This preview has intentionally blurred sections. Sign up to view the full version.
View Full DocumentThis preview has intentionally blurred sections. Sign up to view the full version.
View Full DocumentThis preview has intentionally blurred sections. Sign up to view the full version.
View Full DocumentThis preview has intentionally blurred sections. Sign up to view the full version.
View Full DocumentThis preview has intentionally blurred sections. Sign up to view the full version.
View Full Document
Unformatted text preview: 1 Clustering Preliminaries Applications Euclidean/NonEuclidean Spaces Distance Measures 2 The Problem of Clustering ◆ Given a set of points, with a notion of distance between points, group the points into some number of clusters , so that members of a cluster are in some sense as close to each other as possible. 3 Example x x x x x x x x x x x x x x x x xx x x x x x x x x x x x x x x x x x x x x x x x 4 Problems With Clustering ◆ Clustering in two dimensions looks easy. ◆ Clustering small amounts of data looks easy. ◆ And in most cases, looks are not deceiving. 5 The Curse of Dimensionality ◆ Many applications involve not 2, but 10 or 10,000 dimensions. ◆ Highdimensional spaces look different: almost all pairs of points are at about the same distance. 6 Example : Curse of Dimensionality ◆ Assume random points within a bounding box, e.g., values between 0 and 1 in each dimension. ◆ In 2 dimensions: a variety of distances between 0 and 1.41. ◆ In 10,000 dimensions, the difference in any one dimension is distributed as a triangle. 7 Example – Continued ◆ The law of large numbers applies. ◆ Actual distance between two random points is the sqrt of the sum of squares of essentially the same set of differences. 8 Example HighDimension Application: SkyCat ◆ A catalog of 2 billion “sky objects” represents objects by their radiation in 7 dimensions (frequency bands). ◆ Problem : cluster into similar objects, e.g., galaxies, nearby stars, quasars, etc. ◆ Sloan Sky Survey is a newer, better version. 9 Example : Clustering CD’s (Collaborative Filtering) ◆ Intuitively : music divides into categories, and customers prefer a few categories. ◗ But what are categories really? ◆ Represent a CD by the customers who bought it. ◆ Similar CD’s have similar sets of customers, and viceversa. 10 The Space of CD’s ◆ Think of a space with one dimension for each customer....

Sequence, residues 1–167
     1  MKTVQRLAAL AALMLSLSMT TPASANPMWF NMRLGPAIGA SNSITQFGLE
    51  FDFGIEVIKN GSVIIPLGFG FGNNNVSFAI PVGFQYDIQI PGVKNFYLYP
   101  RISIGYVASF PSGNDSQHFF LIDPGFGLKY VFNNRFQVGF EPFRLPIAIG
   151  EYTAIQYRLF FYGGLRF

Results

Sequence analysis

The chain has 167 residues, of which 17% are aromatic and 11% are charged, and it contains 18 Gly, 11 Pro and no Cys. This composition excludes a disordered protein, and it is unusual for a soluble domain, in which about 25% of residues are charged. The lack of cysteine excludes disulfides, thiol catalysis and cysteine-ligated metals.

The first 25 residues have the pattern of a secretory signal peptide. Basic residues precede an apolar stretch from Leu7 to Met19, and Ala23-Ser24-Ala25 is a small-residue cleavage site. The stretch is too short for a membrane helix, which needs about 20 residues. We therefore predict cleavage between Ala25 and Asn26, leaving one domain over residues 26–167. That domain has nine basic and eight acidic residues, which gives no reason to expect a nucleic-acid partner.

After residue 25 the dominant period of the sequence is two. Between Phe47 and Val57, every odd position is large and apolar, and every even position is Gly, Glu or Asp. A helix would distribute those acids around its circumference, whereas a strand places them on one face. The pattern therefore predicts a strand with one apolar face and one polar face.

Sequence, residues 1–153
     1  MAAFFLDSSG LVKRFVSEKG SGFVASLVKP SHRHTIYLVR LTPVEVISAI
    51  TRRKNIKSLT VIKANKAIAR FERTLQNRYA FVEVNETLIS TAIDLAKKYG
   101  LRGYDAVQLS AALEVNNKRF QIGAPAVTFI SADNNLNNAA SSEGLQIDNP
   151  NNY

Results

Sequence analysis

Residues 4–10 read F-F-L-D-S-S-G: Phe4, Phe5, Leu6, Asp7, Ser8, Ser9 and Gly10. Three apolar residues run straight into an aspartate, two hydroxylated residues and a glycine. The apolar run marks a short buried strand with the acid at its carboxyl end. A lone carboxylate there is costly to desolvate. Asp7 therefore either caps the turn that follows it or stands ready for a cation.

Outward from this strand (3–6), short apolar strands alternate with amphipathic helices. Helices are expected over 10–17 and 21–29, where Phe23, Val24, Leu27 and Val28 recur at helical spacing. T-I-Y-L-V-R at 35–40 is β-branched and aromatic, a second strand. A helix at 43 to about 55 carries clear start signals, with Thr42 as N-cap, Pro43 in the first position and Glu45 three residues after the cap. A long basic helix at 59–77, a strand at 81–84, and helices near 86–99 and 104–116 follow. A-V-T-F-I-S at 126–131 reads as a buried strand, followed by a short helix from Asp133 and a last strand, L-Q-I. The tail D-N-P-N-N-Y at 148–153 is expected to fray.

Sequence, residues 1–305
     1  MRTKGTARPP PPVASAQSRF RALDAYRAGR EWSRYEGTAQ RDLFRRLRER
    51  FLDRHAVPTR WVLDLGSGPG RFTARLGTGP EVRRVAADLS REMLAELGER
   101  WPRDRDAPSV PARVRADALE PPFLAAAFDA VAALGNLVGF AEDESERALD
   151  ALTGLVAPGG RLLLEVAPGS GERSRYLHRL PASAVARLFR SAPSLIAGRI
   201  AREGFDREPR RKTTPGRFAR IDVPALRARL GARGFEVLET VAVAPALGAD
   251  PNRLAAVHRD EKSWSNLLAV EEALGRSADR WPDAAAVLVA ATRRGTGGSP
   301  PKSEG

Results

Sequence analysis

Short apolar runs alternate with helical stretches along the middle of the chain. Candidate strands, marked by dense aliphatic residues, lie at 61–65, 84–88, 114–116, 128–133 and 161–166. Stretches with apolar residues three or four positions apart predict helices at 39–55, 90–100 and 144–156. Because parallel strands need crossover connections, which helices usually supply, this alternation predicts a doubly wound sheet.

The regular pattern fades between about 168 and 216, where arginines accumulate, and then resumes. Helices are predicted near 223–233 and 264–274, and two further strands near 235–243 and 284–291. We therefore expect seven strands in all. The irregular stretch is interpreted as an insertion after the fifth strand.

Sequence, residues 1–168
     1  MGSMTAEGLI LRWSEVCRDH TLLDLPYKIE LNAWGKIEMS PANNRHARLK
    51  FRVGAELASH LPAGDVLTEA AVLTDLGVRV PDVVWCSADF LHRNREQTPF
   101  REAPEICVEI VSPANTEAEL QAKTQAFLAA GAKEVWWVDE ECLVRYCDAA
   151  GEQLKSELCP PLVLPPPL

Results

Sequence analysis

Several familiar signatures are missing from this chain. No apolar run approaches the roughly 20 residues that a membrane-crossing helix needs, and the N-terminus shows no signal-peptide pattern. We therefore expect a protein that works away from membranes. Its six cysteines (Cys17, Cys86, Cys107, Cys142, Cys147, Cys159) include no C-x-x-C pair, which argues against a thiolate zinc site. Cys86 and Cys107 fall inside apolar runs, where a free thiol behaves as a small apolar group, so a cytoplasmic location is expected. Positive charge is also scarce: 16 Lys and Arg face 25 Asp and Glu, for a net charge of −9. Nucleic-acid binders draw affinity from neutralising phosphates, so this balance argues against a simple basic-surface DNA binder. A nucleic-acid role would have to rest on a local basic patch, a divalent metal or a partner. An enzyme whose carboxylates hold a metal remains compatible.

View
Full
Document
This document was uploaded on 03/04/2012.
 Fall '09

Click to edit the document details